Call him notorious
ThinkFilm's Bergstein on Hollywood's hot seatHe's been called an unabashed Hollywood hustler. Sordid tales of unpaid vendors, lawsuits, layoffs and movie shutdowns have dogged him in the 18 months since he took over distributor ThinkFilm and foreign sales agent Capitol Film.
Yet David Bergstein is unperturbed.
"There is always an adjective that precedes us: beleaguered, financially distressed," Bergstein said during a recent interview held from his plush new offices in the Fox Plaza in Century City. "And none of these people know anything."
What is known is that after a summer in which ThinkFilm has been battered by bad press — especially during the repeated shutdowns of the Jake Gyllenhaal satire "Nailed," financed by a Bergstein-backed entity — the film executive is looking for cash.
Whether he can raise capital and stay in business — and perhaps repair his strained relationships around town in the process — remains to be seen. But Bergstein is adamant that he's on the right track.
"Our business plan is not so much about the movie business," he said, noting that he controls about a thousand films. "It's really to build a global digital distribution business."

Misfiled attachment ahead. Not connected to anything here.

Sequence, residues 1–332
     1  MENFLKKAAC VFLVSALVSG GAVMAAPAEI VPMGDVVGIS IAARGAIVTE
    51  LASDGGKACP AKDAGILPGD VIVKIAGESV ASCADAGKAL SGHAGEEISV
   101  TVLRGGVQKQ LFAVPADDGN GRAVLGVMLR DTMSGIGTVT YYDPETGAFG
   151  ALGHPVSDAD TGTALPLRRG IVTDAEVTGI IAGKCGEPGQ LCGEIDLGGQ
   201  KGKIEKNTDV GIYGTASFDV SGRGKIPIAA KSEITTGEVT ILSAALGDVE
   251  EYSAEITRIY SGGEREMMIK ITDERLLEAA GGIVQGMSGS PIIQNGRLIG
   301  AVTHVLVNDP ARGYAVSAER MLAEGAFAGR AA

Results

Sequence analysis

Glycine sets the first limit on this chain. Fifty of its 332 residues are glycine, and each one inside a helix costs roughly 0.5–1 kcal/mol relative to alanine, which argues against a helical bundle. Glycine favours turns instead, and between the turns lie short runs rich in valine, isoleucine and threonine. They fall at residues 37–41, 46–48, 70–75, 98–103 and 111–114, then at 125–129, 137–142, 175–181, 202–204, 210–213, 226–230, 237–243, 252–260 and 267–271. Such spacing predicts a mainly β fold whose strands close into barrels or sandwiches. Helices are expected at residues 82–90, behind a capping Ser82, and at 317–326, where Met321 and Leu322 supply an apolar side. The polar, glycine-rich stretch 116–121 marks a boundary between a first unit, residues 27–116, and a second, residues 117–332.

Bergstein began to make a mark in Hollywood 18 months ago when he and construction magnate Ron Tutor bought ThinkFilm and London-based Capitol. Yet after releasing 20-odd pictures in 2006 and 2007, only nine ThinkFilm movies have opened this year.
Bergstein apparently has sold off some films, canceled others and refused to commit to release dates for the other two films originally scheduled for 2008: Sundance pickups "Phoebe in Wonderland" and "The Escapist."
At the same time, at least four lawsuits have been filed against ThinkFilm by vendors and others claiming they got the short shrift.
"Some of what is out there is true," Bergstein said, with a hint of an accent from his native New York. "The vast majority is not true. And for the stuff that is true, my answer is, 'So what? So what if X, Y or Z might be owed money?' "
That attitude has some in the creative community fuming.
"He's the biggest disgrace in the film business," said producer Albie Hecht, the former president of Nickelodeon who produced the Oscar-nominated ThinkFilm documentary "War/Dance" and claims he still has not seen the small advance ThinkFilm promised. An arbitration is pending.
Alex Gibney, director of the Oscar-winning ThinkFilm documentary "Taxi to the Dark Side," charges in a lawsuit that ThinkFilm did not have the financial resources to properly release his film and fraudulently concealed this fact from the film's creative team, its investors and the film's sales agent, Cinetic Media.